Natural Resource Investment and Africa’s Development

Natural Resource Investment and Africa’s Development

New Horizons in Environmental and Energy Law series

Edited by Francis N. Botchway

This well-researched book covers a wide spectrum of important issues that are central to investment in natural resources and ultimately, economic development of Africa.

Chapter 8: Africa: From Object to Agent of Socially Responsible Investment

Benjamin J. Richardson

Subjects: environment, environmental law, law - academic, environmental law, law and development

Extract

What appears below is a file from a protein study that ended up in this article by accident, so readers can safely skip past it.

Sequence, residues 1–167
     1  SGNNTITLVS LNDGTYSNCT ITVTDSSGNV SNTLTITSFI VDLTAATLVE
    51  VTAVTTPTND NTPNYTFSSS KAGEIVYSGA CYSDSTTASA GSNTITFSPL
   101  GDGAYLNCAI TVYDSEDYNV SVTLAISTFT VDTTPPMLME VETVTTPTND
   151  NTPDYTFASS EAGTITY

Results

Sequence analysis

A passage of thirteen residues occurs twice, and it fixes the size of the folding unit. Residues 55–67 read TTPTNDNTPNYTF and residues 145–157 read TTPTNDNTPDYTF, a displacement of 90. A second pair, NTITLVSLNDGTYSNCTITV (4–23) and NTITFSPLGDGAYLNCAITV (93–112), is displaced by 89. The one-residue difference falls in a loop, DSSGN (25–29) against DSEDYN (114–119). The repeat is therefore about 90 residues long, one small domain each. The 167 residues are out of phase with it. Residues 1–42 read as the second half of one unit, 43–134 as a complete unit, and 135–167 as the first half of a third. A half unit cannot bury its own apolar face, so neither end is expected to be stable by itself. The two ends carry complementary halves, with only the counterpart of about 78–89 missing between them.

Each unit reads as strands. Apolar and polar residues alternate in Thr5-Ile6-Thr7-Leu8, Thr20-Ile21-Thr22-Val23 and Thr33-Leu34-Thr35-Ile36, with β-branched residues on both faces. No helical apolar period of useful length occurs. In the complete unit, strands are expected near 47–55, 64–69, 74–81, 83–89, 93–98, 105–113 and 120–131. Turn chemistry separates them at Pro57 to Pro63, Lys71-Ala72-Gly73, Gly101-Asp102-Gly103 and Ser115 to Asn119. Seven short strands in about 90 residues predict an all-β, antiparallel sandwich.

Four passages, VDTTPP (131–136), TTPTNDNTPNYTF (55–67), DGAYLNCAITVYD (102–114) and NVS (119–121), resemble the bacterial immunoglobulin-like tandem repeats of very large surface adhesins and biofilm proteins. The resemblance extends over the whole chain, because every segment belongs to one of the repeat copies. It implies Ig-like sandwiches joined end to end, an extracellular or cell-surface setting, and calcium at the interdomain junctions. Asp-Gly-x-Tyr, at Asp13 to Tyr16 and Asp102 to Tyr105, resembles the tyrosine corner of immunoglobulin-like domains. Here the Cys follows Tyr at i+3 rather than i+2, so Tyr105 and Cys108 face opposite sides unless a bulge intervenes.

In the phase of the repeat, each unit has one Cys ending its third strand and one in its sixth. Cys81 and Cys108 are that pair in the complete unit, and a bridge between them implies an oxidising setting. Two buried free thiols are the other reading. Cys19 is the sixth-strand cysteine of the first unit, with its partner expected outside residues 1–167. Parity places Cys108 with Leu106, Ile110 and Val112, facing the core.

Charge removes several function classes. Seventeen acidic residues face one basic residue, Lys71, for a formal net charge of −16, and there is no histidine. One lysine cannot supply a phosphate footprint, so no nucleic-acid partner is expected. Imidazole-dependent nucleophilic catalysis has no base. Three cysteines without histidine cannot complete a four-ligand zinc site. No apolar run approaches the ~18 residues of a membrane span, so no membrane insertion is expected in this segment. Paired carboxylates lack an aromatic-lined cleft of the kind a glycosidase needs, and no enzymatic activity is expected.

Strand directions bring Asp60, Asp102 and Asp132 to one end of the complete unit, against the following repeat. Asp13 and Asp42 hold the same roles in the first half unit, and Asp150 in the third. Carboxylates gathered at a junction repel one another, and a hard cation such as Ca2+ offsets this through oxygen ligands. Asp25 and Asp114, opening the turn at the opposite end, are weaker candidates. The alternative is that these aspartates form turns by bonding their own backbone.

* Benjamin J. Richardson INTRODUCTION 1 Africa has been the stage for some of the most epic campaigns of the longstanding movement for socially responsible investment (SRI). Ethical investors were prominent voices in the struggle against the slave trade of the eighteenth and nineteenth centuries, as well as crucial participants in the anti-apartheid campaign concerning South Africa, especially during the 1970s and 1980s. While Africa was essentially an object of, rather than an actor in, these ethical investment crusades, its seminal contribution appears often to be ignored or misunderstood in a movement that has tended to be associated primarily with the financial markets of Western Europe and North America. Africa has remained mostly on the periphery of the recent expansion of SRI activities worldwide, being neither a major market for social investors nor a rousing concern of the movement.1 It is vital both to recognise the African contribution to the evolution of SRI and to reflect on how SRI can play a more influential and constructive role in addressing the social and environmental challenges of the continent today. We need to appreciate that historical contribution, especially the anti-apartheid campaign, for it can help us understand how ethical investors should act when Africa is an ‘object’ of their benevolence. When international investors wish to advocate social and environmental reform in Africa, they must be mindful of how they identify, define and prioritise their SRI agenda, for what a social investor in New York or London might regard as ethically significant or relevant...

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